The story is a long one, a four year adventure in which Val and son Nathan set out from Camelot to find some respite from the boredom of court life. What starts as a simple desire to slay a dragon (!) turns into an epic adventure that eventually takes the pair as far afield as Africa. Against all odds, Schultz manages to keep this epic under control even when following up to three separate plotlines when the adventurers occasionally become separated.
Schultz not only writes a corking good adventure, a real page turner that begs to be read in one marathon bout, but his work is meticulous. His story is peppered with foreshadowing devices that sometimes don't play out for months in newspaper time. Adventure comic strips have always worked under the convention that characters are introduced and last only until they've fulfilled their role in the plot -- plot threads likewise can conveniently disappear without a trace. Schultz, though, surprised me over and over by having long-forgotten characters and hanging plot threads reappear and weave themselves back into the story, a plotting device that we might expect in a novel but is a marvelous and unexpected surprise in a comic strip.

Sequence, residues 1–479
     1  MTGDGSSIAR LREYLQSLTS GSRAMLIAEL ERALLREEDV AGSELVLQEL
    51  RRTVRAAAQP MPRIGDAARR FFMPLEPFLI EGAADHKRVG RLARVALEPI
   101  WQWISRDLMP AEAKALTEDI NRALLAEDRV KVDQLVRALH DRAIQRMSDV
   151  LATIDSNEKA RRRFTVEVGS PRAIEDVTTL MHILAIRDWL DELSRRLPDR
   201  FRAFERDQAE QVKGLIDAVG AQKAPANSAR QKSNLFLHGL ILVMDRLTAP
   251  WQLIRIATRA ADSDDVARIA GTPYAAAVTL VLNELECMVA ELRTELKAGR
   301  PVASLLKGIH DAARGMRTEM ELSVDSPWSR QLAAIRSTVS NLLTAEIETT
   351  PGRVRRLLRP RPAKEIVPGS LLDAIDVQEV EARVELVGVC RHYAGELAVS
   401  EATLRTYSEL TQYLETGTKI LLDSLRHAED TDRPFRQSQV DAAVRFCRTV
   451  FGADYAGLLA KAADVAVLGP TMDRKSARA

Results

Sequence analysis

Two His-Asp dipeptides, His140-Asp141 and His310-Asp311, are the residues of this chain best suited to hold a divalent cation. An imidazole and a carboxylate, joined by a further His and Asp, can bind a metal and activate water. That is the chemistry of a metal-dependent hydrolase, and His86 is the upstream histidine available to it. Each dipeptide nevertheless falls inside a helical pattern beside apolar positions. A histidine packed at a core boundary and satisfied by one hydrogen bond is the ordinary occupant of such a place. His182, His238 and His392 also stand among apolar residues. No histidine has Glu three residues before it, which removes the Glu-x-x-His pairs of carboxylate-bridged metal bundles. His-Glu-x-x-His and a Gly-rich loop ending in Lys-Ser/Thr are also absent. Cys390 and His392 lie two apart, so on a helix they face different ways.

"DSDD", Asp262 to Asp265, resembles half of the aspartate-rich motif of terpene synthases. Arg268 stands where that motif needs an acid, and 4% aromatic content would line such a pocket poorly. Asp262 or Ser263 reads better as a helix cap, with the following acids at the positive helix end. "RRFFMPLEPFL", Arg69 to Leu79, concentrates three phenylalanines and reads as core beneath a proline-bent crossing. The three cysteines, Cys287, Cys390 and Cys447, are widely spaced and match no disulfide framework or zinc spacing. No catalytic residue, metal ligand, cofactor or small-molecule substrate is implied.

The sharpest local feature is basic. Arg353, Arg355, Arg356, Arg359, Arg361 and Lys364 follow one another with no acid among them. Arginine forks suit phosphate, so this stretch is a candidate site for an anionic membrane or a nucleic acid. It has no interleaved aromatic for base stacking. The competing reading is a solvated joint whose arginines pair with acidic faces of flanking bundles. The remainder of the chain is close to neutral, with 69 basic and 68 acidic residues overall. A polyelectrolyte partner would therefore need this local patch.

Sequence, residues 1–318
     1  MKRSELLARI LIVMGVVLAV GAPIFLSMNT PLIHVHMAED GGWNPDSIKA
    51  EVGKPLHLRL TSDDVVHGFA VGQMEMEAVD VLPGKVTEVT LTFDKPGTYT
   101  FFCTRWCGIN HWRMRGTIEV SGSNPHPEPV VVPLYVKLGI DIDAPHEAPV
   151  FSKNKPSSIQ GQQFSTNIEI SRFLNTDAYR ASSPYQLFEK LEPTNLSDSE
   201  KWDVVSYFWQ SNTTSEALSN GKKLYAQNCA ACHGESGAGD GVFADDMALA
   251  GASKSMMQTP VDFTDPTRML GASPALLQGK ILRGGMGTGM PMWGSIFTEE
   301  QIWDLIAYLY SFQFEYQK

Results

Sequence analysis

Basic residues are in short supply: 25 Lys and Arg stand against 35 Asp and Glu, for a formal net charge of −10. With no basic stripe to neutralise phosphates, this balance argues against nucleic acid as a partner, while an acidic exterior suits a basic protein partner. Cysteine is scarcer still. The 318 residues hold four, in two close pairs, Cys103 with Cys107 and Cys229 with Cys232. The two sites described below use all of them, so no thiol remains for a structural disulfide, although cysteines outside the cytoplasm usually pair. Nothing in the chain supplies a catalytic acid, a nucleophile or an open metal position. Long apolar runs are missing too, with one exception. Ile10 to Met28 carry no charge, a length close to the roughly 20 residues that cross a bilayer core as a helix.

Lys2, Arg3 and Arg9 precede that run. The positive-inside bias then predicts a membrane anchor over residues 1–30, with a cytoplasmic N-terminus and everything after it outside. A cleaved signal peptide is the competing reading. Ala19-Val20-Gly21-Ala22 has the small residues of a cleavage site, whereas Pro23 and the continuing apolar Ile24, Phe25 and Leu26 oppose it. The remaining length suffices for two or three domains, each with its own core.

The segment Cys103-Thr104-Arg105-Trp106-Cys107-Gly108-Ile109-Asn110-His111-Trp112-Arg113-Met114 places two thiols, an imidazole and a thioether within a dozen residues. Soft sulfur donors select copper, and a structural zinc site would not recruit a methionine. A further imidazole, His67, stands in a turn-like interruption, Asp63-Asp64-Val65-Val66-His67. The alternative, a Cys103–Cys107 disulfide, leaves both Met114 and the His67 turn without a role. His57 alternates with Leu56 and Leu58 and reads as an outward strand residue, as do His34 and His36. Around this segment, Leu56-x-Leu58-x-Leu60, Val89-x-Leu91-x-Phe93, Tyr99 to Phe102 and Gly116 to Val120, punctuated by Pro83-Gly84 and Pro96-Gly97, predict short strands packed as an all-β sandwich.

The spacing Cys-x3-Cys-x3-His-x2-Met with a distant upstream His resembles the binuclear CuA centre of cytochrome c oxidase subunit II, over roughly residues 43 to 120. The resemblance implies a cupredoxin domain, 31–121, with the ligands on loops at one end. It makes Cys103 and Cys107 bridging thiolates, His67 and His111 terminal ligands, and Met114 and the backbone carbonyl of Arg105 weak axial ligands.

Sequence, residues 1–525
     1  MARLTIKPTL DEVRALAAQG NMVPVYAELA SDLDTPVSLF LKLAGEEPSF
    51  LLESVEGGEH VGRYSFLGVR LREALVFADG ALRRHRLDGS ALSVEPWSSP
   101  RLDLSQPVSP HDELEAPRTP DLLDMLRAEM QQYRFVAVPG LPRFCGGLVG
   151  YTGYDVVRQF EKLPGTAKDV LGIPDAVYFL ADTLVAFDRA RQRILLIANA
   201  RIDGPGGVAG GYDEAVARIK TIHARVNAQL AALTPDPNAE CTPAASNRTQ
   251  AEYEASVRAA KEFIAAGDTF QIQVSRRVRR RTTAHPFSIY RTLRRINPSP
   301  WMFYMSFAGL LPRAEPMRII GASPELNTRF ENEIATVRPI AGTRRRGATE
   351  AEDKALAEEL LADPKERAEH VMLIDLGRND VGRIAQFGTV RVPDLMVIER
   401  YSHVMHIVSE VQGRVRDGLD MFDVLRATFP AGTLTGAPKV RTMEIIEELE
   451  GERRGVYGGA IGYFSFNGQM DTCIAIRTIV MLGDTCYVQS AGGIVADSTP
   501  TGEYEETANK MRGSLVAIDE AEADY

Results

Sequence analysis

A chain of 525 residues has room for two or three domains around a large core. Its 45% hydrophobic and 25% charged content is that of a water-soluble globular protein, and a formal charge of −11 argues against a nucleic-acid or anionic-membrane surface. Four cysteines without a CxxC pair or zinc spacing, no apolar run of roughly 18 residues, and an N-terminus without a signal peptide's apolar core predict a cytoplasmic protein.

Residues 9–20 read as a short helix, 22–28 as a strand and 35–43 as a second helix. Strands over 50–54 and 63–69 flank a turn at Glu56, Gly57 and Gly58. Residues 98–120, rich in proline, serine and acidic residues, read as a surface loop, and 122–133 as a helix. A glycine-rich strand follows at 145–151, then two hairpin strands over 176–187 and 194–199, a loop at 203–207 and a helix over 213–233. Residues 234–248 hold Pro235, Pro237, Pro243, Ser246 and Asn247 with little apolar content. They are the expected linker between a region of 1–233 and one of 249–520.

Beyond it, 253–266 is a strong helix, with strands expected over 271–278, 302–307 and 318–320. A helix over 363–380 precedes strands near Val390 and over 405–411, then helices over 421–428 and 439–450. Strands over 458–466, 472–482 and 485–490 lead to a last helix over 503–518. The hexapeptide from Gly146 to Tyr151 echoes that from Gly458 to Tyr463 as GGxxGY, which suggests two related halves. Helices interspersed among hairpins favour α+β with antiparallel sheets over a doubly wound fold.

After the sumptuous production of The Prince Valiant Page I was all set to hate this reprinting. The large format reproduction in that book is not used here. But given that Gianni is creating artwork that can withstand tiny reproduction, the mini-tabloid format in this Andrews McMeel production is perfectly suitable to the project. Of course I found myself wishing that Gianni had the elbow-room to produce a more detailed vision of Prince Valiant, but for that we must fault the syndicate and the newspapers that insist on offering the strip in microscopic formats, not the book publisher.
Sunday, November 30, 2008
Jim Ivey's Sunday Comics
Jim Ivey's new book, Graphic Shorthand, is available from Lulu.com for $19.95 plus shipping, or you can order direct from Ivey for $25 postpaid. Jim Ivey teaches the fundamentals of cartooning in his own inimitable style. The book is 128 pages, coil-bound. Send your order to:
5840 Dahlia Dr. #7
Orlando FL 32807
Also still available, Jim Ivey's career retrospective Cartoons I Liked, available on Lulu.com or direct from Jim Ivey for $20 postpaid. When ordered from Ivey direct, either book will include an original Ivey sketch.
Labels: Jim Ivey's Sunday Comics